Robert's book list on science-based historical fiction novels

Robert J. Lloyd Why did Robert love this book?

This is the only ‘whodunnit’ on my list, but it’s so much more. (As are all the best ‘whodunnits’.)

For a start, it’s told from four different points of view. My own books use the early history of the Royal Society, its science, and various of its actual ‘Fellows,’ and this book was undeniably an influence. Pears details the politics and religious turmoil of the time and the excitement of new scientific discoveries.

The mid-17th century’s rigid social structure and manners are shown starkly, as is the misogyny. I found it dark, layered, and although complex, it’s immediately engaging. A very satisfying book indeed!

By Iain Pears,

Why should I read it?

5 authors picked An Instance of the Fingerpost as one of their favorite books, and they share why you should read it.

What is this book about?

'A fictional tour de force which combines erudition with mystery' PD James

Set in Oxford in the 1660s - a time and place of great intellectual, religious, scientific and political ferment - this remarkable novel centres around a young woman, Sarah Blundy, who stands accused of the murder of Robert Grove, a fellow of New College. Four witnesses describe the events surrounding his death: Marco da Cola, a Venetian Catholic intent on claiming credit for the invention of blood transfusion;Jack Prescott, the son of a supposed traitor to the Royalist cause, determined to vindicate his father; John Wallis, chief cryptographer…


Book cover of The Circulation of the Blood and Other Writings

Helen King Author Of Greek and Roman Medicine

From my list on discovering the circulation of the blood.

Why am I passionate about this?

I’ve been fascinated by history since I was a fairly sickly child, which means I was gradually drawn towards the history of medicine. Add to that having a hereditary blood clotting condition and you can see why this topic appeals to me! I have a BA and a PhD in History from University College London and have held posts in the universities of Cambridge, Newcastle, Reading, and then at The Open University. I’ve also held visiting professorships in Vienna, Texas, and Minnesota and have published six books as well as editing others. I’m sort of retired but still writing and lecturing.

Helen's book list on discovering the circulation of the blood

Helen King Why did Helen love this book?

Go on. Give yourself a treat! Read the book which started it all! There’s nothing quite like reading the original source. Harvey wrote in Latin but this is a good translation with an excellent introduction by Andrew Wear, an expert on the period. And as a bonus, the Everyman edition includes The Anatomy of Thomas Parr – an account of the dissection of a Shropshire farmer said to be 152 years old, performed by Harvey himself. What killed Parr? Coming to London, a city “full of the filth of men”. Be warned!

By William Harvey, Kenneth Franklin (translator),

Why should I read it?

1 author picked The Circulation of the Blood and Other Writings as one of their favorite books, and they share why you should read it.

What is this book about?

This work has been selected by scholars as being culturally important and is part of the knowledge base of civilization as we know it.

This work is in the public domain in the United States of America, and possibly other nations. Within the United States, you may freely copy and distribute this work, as no entity (individual or corporate) has a copyright on the body of the work.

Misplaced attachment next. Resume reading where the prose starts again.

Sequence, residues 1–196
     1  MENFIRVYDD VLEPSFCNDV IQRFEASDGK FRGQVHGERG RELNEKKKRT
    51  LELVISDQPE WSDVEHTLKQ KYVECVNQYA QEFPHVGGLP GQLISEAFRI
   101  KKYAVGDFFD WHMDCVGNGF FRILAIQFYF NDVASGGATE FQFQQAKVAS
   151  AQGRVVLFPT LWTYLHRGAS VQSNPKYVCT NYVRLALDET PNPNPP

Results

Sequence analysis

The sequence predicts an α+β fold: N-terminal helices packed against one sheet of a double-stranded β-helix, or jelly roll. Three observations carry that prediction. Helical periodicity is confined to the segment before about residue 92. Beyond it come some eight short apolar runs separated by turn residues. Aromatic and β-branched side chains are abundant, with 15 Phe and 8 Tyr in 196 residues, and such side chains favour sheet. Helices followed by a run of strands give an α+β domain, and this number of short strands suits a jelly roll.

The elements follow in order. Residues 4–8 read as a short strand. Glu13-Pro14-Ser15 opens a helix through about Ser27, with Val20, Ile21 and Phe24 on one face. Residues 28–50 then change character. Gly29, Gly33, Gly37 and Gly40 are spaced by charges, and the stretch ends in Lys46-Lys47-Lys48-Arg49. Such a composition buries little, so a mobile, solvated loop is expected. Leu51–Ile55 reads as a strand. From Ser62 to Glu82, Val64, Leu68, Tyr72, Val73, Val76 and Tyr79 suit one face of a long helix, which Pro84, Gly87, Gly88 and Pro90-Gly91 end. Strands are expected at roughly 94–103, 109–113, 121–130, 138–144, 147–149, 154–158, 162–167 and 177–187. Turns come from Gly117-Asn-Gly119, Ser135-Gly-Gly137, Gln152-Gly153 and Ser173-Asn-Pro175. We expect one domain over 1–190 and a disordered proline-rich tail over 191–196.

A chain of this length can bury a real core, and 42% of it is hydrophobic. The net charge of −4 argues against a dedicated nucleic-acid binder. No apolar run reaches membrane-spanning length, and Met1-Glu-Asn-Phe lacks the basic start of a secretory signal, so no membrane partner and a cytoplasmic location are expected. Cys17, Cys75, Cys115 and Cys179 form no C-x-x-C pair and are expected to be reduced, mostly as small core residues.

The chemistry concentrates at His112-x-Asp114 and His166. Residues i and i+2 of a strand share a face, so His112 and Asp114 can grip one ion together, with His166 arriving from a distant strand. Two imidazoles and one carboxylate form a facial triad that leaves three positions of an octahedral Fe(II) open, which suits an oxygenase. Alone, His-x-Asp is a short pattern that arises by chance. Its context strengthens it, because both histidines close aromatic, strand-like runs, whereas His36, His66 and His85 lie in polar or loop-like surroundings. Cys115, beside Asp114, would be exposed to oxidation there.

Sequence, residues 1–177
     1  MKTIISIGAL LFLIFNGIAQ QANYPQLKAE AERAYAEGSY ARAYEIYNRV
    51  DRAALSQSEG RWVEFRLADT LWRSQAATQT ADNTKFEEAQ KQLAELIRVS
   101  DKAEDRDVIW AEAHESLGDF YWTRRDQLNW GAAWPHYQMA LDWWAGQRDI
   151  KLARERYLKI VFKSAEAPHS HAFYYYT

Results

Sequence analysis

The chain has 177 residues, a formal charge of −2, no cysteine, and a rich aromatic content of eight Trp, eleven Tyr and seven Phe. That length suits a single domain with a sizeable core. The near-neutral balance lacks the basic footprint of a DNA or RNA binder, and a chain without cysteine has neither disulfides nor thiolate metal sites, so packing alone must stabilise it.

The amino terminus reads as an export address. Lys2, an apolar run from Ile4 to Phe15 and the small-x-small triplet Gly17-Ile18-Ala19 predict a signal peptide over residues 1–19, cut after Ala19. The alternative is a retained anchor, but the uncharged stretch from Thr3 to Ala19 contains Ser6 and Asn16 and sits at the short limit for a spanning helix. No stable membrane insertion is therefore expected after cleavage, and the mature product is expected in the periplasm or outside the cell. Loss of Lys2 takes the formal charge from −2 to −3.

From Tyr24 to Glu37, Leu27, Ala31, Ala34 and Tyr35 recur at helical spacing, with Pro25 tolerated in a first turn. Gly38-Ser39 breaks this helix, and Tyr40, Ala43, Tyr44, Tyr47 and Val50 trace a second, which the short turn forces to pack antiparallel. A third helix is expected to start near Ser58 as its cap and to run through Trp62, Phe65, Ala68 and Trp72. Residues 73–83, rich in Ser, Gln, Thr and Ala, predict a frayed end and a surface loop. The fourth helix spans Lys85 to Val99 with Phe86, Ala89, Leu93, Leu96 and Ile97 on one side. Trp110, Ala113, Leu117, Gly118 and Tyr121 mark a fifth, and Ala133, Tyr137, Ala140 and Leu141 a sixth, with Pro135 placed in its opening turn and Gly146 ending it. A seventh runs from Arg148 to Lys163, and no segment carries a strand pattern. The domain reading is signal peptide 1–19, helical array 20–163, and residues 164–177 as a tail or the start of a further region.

Scholars believe, and we concur, that this work is important enough to be preserved, reproduced, and made generally available to the public. To ensure a quality reading experience, this work has been…


Book cover of Blood: An Epic History of Medicine and Commerce

Helen King Author Of Greek and Roman Medicine

From my list on discovering the circulation of the blood.

Why am I passionate about this?

I’ve been fascinated by history since I was a fairly sickly child, which means I was gradually drawn towards the history of medicine. Add to that having a hereditary blood clotting condition and you can see why this topic appeals to me! I have a BA and a PhD in History from University College London and have held posts in the universities of Cambridge, Newcastle, Reading, and then at The Open University. I’ve also held visiting professorships in Vienna, Texas, and Minnesota and have published six books as well as editing others. I’m sort of retired but still writing and lecturing.

Helen's book list on discovering the circulation of the blood

Helen King Why did Helen love this book?

We think of blood as a gift: if you’re a blood donor you ‘give’ blood. But this book examines how it became a marketable commodity. It starts with Harvey but goes up to CJD and the AIDS crisis. It’s a fascinating story of generosity and greed as well as of those who worked in hematology in the early days when very little was known for sure. With lots of engrossing anecdotes, Starr brings to life the people whose experiments led to our knowledge today.

By Douglas Starr,

Why should I read it?

1 author picked Blood as one of their favorite books, and they share why you should read it.

What is this book about?

The story of blood is a story of transformation, divided into three eras. The first period, from antiquity to the early twentieth century, involves the transformation of blood from a magical substance - the blood of Christ as holy sacrament - to a component of human anatomy, capable of being studied and turned into a source of healing. In the next era, which lasts until the end of the Second World War, the scientific curiosity of blood becomes a strategic material. We see medical scientists master the resource, learning the techniques of mass collections and storage, ironically aided in their…